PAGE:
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HUNTINGTON — Calls to the National Suicide Prevention Lifeline from people in West Virginia have increased significantly this year.

In July, there were 1,052 calls for help, a 43% increase in calls for help over last July, according to First Choice Services, which operates the West Virginia hotline.

While the increase is likely related to the pandemic, Sheila Moran, director of marketing and communications for First Choice, said the specific reasons people mention for calling varies.

“Maybe there are more arguments happening in the house, but that’s happening because mom got laid off because of the pandemic,” Moran said.

Moran said most of the time, clients are looking for someone who will listen to them without fear of judgment or someone trying to “fix” the situation.

“It’s natural to want to fix the problem, but sometimes you just need someone to listen,” she said. “You don’t need a college degree in psychology to help someone. You just need to listen.”

Moran said the increase can also be seen as a good sign, as more people are reaching out for help.

Suicide is the second leading cause of death for West Virginians ages 10-34, and a significant cause of preventable deaths across all age ranges. Between 2010 and 2019, 3,445 people in the state died by suicide.

September is Suicide Prevention Month. This year, everyone is encouraged to be part of suicide prevention by recognizing they can “Be The 1 To” help those around them in emotional pain. The campaign, which includes the hashtag “#BeThe1To,” emphasizes that anyone can save a life. Although seeking treatment from a professional therapist is beneficial to many, research shows that having a friend with whom to talk frankly about emotional issues can decrease the incidence of suicide.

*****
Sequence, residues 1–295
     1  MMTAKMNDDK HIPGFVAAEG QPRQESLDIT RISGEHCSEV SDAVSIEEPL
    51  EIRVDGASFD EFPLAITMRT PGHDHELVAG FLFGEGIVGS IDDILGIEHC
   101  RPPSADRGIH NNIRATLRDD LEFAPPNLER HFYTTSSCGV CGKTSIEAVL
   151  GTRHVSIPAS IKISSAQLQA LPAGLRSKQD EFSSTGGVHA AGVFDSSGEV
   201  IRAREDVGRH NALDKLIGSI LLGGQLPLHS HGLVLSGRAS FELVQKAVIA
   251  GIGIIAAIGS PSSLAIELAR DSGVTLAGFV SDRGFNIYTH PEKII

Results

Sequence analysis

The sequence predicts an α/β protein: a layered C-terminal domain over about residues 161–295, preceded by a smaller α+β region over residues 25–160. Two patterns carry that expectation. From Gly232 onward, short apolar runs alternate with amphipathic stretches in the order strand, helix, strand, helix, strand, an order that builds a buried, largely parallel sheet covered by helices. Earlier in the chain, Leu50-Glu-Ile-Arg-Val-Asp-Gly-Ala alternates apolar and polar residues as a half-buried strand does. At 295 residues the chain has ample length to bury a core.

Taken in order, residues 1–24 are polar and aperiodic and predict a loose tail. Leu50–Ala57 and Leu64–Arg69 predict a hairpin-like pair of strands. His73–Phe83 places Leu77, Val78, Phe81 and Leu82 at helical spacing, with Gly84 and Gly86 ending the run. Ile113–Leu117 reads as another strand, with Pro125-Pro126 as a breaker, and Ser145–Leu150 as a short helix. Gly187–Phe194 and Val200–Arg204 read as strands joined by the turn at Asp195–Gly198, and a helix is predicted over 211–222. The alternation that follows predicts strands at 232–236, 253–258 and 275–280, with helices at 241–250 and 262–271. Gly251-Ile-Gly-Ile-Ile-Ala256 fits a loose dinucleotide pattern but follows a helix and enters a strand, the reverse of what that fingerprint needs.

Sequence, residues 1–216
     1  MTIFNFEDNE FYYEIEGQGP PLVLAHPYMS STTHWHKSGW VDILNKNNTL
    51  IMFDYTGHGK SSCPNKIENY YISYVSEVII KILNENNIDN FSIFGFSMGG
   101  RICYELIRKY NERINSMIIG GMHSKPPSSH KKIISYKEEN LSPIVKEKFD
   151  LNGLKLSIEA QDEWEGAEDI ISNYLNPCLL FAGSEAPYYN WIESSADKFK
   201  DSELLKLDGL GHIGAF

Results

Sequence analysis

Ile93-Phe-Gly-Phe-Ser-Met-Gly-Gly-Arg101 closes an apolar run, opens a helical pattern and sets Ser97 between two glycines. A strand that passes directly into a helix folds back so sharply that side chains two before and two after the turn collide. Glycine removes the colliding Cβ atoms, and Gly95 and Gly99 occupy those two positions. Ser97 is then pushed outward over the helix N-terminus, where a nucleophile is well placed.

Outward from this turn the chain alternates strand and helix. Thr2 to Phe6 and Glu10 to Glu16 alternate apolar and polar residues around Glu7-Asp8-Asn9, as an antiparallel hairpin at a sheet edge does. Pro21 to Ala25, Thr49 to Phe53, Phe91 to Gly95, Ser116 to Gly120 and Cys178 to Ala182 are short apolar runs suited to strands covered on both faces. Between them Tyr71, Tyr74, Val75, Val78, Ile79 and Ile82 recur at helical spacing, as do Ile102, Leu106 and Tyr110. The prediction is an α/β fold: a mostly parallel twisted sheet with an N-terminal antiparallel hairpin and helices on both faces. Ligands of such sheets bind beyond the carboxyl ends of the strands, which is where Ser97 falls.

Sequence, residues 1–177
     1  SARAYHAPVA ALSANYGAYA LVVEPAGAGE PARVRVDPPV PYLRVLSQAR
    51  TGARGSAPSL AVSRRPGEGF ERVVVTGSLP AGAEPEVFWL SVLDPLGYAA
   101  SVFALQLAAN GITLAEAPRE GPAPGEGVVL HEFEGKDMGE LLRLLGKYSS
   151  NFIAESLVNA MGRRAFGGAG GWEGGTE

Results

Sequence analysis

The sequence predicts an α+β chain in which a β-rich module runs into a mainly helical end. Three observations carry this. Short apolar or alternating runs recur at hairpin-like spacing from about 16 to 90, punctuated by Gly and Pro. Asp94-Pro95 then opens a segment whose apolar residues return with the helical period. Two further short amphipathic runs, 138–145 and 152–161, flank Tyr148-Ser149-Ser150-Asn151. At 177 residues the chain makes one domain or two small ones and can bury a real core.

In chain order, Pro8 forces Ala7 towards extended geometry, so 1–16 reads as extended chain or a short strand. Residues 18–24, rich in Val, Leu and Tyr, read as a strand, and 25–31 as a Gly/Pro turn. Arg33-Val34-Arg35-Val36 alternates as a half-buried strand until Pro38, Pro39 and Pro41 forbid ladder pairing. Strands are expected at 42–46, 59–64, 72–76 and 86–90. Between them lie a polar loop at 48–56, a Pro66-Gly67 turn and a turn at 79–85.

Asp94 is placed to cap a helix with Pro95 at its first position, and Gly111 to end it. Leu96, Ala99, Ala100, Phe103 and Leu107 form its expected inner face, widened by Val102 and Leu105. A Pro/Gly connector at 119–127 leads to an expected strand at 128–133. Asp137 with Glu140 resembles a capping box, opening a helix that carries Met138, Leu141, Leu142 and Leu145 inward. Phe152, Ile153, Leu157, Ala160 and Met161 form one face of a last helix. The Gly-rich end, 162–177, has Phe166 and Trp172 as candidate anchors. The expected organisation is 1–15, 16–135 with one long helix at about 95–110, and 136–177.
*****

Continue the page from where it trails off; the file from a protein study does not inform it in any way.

Ways anyone can “Be The 1 To” prevent suicide include these:

  • Ask directly about thoughts of suicide. Listen to them and acknowledge their pain. Avoid telling someone not to talk about suicide or dismissing their feelings by telling them they will be fine or others have it worse.
  • Be there for them, even if it’s not possible to be there in person. Let them know you will make time to listen to them.
  • Keep them safe. If they are actively planning suicide, this may mean talking to others around them about their plans, securing lethal means such as firearms or getting them to a hospital or treatment center.
  • Help them connect with support and resources. This might mean connecting them with support groups, social services or mental health resources. A good place to start is with the National Suicide Prevention Lifeline, which is 800-273-TALK.
  • For children and youths in crisis or needing behavioral health support, another resource to get connected with services in their communities is the Children’s Crisis and Referral Line of Help4WV at 844-435-7498.
  • Follow up with them. Don’t assume that having one conversation is enough. Send a text, email, postcard or make a call to let them know you care.

Taylor Stuck is a reporter for The Herald-Dispatch, covering state government, health and higher education. Follow her on Twitter and Facebook @TaylorStuckHD.

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